How Worried Are Parents About Kids' Online Safety?
Study suggests race, ethnicity, other factors affect their level of concern
Monday, December 2, 2013
Researchers analyzed data from a 2011 online survey of more than 1,000 parents across the United States who were asked how worried they were about five potential online dangers faced by their children.
The parents rated their levels of concern on a scale of one (not concerned) to five (extremely concerned). The parents' biggest concerns were: their children meeting someone who means to do harm (4.3 level of concern), being exposed to pornographic content (4.2), being exposed to violent content (3.7), being a victim of online bullying (3.5) and bullying another child online (2.4).
White parents were the least concerned about all online safety issues, the researchers found. Asian and Hispanic parents were more likely to be concerned about all online safety issues. Black parents were more concerned than white parents about their children meeting harmful strangers or being exposed to pornography.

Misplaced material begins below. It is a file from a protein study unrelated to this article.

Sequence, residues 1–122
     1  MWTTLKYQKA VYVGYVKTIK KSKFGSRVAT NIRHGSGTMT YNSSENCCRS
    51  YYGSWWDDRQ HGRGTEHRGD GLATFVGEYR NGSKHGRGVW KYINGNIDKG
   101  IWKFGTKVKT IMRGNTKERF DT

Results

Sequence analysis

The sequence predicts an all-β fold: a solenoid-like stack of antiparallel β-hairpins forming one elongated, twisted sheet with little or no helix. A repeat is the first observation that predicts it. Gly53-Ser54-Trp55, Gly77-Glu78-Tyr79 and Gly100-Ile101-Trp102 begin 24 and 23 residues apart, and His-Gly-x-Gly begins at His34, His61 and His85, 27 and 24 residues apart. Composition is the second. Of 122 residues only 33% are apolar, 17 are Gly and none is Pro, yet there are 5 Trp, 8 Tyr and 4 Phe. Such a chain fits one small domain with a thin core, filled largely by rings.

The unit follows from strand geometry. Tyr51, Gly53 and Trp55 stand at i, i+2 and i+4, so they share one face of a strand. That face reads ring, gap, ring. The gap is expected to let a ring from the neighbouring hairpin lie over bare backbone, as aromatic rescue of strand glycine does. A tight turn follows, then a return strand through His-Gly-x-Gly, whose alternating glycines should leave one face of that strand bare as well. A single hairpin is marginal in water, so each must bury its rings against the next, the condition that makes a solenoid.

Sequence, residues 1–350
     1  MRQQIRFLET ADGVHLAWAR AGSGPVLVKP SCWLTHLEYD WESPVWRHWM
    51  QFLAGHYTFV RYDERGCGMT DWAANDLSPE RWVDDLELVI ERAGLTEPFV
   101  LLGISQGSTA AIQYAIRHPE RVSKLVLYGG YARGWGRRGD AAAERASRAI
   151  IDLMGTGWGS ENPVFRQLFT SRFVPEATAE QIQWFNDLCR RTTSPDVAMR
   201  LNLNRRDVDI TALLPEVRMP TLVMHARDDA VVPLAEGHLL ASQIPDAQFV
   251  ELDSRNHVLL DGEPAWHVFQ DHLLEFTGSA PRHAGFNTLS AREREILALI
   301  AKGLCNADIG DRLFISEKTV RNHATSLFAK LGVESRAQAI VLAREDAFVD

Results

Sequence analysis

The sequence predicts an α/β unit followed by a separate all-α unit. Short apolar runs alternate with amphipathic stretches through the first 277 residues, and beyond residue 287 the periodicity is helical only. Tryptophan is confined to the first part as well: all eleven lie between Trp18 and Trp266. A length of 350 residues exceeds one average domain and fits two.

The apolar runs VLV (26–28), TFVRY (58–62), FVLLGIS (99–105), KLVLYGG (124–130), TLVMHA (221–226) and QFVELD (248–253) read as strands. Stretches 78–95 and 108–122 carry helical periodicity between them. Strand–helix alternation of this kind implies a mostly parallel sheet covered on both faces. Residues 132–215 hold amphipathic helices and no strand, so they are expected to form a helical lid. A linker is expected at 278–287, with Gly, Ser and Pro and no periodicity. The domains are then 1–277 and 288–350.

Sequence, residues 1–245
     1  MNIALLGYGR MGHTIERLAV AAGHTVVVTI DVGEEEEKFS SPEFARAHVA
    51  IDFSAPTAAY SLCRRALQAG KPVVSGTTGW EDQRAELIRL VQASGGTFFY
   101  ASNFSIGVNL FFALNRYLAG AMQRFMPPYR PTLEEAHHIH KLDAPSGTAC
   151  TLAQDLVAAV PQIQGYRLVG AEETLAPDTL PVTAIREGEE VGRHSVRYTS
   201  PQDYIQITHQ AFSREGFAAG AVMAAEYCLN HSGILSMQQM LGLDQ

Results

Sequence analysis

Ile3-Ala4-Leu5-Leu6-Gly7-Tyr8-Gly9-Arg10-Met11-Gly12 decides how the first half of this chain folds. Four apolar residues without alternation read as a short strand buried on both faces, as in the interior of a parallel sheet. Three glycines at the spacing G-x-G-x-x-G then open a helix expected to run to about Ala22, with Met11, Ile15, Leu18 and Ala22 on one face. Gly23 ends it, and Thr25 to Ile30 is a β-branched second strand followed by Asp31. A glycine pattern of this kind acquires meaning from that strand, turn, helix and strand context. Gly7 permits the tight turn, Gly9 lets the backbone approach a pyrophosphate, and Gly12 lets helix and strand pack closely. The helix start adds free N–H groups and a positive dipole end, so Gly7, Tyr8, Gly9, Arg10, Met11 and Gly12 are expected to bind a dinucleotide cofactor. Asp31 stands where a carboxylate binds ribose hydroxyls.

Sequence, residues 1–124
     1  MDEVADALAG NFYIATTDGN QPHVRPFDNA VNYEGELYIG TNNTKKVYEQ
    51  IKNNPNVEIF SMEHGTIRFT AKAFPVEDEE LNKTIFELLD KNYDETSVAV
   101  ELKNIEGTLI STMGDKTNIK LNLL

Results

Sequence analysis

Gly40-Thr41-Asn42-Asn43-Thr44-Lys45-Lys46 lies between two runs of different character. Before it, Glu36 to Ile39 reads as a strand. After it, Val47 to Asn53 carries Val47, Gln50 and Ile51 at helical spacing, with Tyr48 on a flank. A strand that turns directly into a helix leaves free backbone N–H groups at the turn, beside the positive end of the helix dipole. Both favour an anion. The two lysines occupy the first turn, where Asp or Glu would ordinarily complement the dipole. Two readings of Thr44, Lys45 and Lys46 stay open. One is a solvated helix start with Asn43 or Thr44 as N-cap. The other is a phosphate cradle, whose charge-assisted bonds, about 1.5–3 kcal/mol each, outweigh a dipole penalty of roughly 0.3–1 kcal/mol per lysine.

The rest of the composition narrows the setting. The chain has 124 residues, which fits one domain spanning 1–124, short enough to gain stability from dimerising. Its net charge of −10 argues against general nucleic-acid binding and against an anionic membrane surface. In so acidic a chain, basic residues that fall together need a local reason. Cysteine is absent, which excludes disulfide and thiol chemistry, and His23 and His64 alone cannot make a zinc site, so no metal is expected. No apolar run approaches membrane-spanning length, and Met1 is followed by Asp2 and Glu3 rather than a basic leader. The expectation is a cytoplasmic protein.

"Policies that aim to protect children online talk about parents' concerns, assuming parents are this one [uniform] group," study co-author Eszter Hargittai, a professor in the department of communication studies at Northwestern University, said in a university news release. "When you take a close look at demographic backgrounds of parents, concerns are not uniform across population groups."
The study, published recently in the journal Policy & Internet, also found that urban parents tended to be more concerned about online threats to their children than suburban or rural parents. In addition, college-educated parents had lower levels of fear than those with less education.
Among the other findings:
- Having a higher income was related to lower fears about children's exposure to pornography, being bullied or being a bully.
- Parents with liberal political views were less concerned than moderates or conservatives about pornography. Liberal parents, however, were more concerned about their child becoming a bully.
- Parents of daughters and of younger children were more concerned than parents of sons about the threat of their children meeting a stranger or being exposed to violent content.
- Parents' gender or religious beliefs have little effect on their levels of concern.
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